- Associated Press - Tuesday, June 10, 2014

DETROIT (AP) - Emma Webb sorts through a rack loaded with dresses in a Bloomfield Hills office space.

She fingers the details on purple satin and red chiffon, eyeing gowns that would make many a teenage girl weak at the knees - perhaps the boys as well.

The 16-year-old brain cancer survivor from Harrison Township closes a door to try on a glittery mauve tiered dress with ruffles and a satin ribbon. She smiles broadly as she steps out.

“Did you see her face?” says Michelle Soto, founder and president of Wish Upon a Teen, a nonprofit that provides support for adolescents with chronic or life-threatening illnesses as well as teens with autism and developmental disabilities. “That’s why I do this.

“Right now, there’s nothing for her to worry about. There are no IVs, no chemo, nothing matters but finding the dress.”

Wish Upon a Teen is now 3 years old, and it’s about to host its second prom for sick kids, according to the Detroit Free Press ( http://on.freep.com/ThN4GC ). This year’s event is planned for June 14 at the Hotel St. Regis in Detroit. Dresses are provided free to anyone who needs one, and suits are donated to boys through a partnership with Men’s Warehouse and other supporters.

“It’s going to be super fancy!” Jamie Greene Kaniarz, the organization’s executive director, tells Emma, who has deep brown eyes and short, pixie-style hair, highlighted a golden blond.

She is among the 50 or so teens planning to attend the event, and who also take part in Wish Upon a Teen’s other programs.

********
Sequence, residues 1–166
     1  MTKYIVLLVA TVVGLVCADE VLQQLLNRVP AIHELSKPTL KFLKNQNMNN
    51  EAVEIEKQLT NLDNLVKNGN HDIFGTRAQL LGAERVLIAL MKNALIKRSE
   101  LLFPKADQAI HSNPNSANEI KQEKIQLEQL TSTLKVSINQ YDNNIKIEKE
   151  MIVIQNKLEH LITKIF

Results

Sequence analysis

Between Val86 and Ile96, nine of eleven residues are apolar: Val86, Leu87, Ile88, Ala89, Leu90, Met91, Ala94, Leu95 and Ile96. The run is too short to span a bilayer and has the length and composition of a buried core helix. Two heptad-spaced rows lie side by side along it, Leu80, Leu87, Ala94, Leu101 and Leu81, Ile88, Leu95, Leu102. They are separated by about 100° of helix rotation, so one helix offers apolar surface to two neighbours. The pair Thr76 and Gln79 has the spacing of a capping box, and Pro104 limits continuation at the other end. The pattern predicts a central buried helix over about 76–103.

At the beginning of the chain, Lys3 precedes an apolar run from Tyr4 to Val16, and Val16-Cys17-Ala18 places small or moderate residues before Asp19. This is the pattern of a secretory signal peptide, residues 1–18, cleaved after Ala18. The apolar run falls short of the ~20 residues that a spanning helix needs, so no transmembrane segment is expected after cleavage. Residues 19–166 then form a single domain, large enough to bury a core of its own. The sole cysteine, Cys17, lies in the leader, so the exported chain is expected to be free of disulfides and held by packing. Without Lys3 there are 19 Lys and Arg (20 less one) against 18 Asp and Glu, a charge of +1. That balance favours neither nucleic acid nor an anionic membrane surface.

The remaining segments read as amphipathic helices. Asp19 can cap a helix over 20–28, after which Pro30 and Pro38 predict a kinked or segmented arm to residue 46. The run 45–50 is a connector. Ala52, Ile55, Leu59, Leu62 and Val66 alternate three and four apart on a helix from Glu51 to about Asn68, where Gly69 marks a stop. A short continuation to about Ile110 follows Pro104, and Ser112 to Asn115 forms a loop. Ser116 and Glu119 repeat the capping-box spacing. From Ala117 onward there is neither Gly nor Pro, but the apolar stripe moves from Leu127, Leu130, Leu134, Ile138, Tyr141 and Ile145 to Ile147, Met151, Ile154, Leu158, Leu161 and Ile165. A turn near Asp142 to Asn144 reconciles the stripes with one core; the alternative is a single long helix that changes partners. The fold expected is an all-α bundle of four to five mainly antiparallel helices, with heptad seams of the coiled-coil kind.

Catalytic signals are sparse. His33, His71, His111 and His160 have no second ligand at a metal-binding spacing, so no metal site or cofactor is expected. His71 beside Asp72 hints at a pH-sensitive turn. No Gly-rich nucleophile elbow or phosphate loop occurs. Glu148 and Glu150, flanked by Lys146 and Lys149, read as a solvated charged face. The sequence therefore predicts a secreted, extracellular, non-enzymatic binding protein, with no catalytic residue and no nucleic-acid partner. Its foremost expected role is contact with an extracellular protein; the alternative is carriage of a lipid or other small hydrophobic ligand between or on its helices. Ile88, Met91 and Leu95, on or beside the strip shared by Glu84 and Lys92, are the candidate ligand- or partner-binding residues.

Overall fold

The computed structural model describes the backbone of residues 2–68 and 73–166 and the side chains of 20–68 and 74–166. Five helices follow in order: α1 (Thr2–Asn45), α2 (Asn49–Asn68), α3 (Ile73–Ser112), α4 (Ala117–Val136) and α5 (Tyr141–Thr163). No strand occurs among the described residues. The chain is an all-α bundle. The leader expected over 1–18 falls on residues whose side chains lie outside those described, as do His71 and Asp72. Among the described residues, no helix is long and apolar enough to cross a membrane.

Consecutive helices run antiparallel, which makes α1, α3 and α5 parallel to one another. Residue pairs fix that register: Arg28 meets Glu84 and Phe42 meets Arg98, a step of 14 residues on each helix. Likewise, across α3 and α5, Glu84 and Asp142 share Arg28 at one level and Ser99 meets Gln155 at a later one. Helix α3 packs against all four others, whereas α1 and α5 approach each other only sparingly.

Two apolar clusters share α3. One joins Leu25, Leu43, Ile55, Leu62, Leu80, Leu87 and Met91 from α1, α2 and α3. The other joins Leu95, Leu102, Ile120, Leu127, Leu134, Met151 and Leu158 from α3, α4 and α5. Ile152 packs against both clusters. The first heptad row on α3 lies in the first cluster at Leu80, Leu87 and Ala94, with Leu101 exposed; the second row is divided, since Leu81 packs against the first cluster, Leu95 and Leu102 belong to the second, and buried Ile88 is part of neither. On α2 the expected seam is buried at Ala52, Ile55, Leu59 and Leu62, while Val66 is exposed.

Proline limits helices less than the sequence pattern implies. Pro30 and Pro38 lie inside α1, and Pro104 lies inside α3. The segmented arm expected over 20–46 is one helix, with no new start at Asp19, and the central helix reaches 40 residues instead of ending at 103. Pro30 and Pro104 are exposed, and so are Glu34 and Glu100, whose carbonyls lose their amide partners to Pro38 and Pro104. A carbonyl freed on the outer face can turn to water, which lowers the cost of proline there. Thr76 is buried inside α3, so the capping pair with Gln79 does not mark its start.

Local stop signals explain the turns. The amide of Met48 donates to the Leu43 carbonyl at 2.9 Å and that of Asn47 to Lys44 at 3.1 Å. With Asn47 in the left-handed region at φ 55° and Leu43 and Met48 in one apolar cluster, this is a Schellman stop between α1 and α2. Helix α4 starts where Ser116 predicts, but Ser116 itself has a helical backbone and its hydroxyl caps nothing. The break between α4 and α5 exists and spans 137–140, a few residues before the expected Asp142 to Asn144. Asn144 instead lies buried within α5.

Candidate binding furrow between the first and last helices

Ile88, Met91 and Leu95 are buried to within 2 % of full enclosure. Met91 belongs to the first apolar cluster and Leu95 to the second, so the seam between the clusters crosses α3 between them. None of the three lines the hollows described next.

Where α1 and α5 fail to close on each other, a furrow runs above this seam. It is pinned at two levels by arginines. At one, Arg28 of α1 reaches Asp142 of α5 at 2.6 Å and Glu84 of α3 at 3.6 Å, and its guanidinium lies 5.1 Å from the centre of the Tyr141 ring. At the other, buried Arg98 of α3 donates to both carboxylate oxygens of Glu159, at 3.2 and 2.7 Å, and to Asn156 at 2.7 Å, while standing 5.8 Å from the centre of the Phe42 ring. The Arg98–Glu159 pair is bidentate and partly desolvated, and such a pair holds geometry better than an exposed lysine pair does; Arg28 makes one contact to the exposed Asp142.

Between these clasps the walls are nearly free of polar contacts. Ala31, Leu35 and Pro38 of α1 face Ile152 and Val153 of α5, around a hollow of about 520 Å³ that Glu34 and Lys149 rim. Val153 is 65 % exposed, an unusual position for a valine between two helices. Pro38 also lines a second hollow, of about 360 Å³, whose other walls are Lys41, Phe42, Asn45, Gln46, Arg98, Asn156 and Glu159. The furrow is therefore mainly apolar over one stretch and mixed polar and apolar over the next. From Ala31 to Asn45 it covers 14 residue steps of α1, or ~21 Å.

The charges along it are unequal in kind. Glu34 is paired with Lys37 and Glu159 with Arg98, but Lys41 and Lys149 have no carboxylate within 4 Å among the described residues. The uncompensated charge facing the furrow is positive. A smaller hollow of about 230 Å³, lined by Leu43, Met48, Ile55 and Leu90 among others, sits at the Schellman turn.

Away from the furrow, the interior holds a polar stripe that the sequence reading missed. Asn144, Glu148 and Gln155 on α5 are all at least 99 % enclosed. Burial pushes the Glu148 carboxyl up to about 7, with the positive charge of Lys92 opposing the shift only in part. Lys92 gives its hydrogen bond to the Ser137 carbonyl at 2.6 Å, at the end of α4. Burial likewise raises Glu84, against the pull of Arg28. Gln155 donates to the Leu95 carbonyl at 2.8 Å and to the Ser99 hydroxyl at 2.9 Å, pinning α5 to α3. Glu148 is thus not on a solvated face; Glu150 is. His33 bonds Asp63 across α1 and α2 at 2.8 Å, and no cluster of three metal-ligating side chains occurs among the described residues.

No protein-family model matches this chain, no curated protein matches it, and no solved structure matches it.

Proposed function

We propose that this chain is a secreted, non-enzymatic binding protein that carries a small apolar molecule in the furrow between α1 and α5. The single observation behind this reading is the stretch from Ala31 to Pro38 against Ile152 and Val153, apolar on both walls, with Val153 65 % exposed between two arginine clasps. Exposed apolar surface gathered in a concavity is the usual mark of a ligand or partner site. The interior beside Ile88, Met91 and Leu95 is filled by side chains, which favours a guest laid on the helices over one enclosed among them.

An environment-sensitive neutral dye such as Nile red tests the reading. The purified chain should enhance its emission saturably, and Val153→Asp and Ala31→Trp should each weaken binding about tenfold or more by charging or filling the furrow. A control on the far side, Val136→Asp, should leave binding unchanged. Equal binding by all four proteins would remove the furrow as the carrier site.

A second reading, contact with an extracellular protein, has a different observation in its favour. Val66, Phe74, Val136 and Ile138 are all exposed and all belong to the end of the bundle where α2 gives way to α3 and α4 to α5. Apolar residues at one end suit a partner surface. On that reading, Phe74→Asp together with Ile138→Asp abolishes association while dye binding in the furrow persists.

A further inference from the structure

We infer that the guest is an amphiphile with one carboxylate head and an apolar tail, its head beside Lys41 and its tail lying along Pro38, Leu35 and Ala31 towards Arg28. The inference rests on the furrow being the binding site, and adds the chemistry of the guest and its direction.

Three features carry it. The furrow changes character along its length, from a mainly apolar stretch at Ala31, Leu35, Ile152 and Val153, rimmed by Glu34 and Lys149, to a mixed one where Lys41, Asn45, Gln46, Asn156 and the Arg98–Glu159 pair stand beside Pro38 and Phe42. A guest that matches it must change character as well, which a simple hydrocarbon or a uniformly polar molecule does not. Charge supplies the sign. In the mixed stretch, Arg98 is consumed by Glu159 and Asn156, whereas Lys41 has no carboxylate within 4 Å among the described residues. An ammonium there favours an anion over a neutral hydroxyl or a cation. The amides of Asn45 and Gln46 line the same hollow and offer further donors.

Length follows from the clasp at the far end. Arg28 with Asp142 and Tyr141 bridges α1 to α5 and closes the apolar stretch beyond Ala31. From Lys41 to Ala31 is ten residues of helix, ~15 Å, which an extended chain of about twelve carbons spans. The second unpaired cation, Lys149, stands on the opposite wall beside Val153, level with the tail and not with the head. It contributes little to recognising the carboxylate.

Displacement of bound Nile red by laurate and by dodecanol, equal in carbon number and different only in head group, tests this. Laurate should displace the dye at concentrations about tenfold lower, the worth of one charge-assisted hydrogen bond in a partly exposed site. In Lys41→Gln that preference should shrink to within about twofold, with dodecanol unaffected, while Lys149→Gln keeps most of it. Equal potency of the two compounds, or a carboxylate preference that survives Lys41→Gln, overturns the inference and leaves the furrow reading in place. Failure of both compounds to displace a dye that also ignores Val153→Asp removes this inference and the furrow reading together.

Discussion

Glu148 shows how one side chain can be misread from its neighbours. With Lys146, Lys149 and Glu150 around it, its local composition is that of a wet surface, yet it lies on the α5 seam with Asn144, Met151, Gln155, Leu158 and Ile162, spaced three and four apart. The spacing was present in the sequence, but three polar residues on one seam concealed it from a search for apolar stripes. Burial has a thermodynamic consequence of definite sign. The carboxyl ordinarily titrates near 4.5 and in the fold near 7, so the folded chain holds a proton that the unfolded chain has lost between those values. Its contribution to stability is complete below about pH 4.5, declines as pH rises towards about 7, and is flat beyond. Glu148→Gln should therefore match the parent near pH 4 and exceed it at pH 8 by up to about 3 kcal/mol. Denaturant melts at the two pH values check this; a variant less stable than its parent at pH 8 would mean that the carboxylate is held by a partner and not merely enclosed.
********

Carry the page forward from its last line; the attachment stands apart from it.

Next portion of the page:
Soto, a native Californian, had a career as a child-life specialist in Los Angeles before she and her family moved to Bloomfield Township a little more than six years ago.

“My main job was to normalize a child’s life during hospitalization - from diagnosis to cure, or possibly, death - and working with families to keep things as normal as possible during a really chaotic time,” says Soto, 44.

She noticed that there were lots of programs for small children and plenty of enrichment-type activities for adults. But there was a pretty gaping hole when it came to teens.

In the last three years, “we’ve grown immensely because nobody focuses on teenagers,” Soto says. “We try to give them the same opportunities that every adolescent should have and deserves to have, no matter what you’re going through in your life.

“Kids that are battling life-threatening illnesses can’t necessarily go to the mall and hang out with their girlfriends.”

Wish Upon a Teen offers spa day events, pajama party movie nights, cooking classes and other programs for teens who want that experience.

“If you and I went to the mall when we were that age, we’d be talking about boys and parents and what did you get on that last test,” Soto says. “But these kids … talk about their ports, they talk about, you know, ‘Can you believe nurse so-and-so shoved that bedpan under you? That’s so rude.’ And they talk about their doctors, and their life experiences. That is so vital for them to continue to grow and get through whatever they’re going through.”

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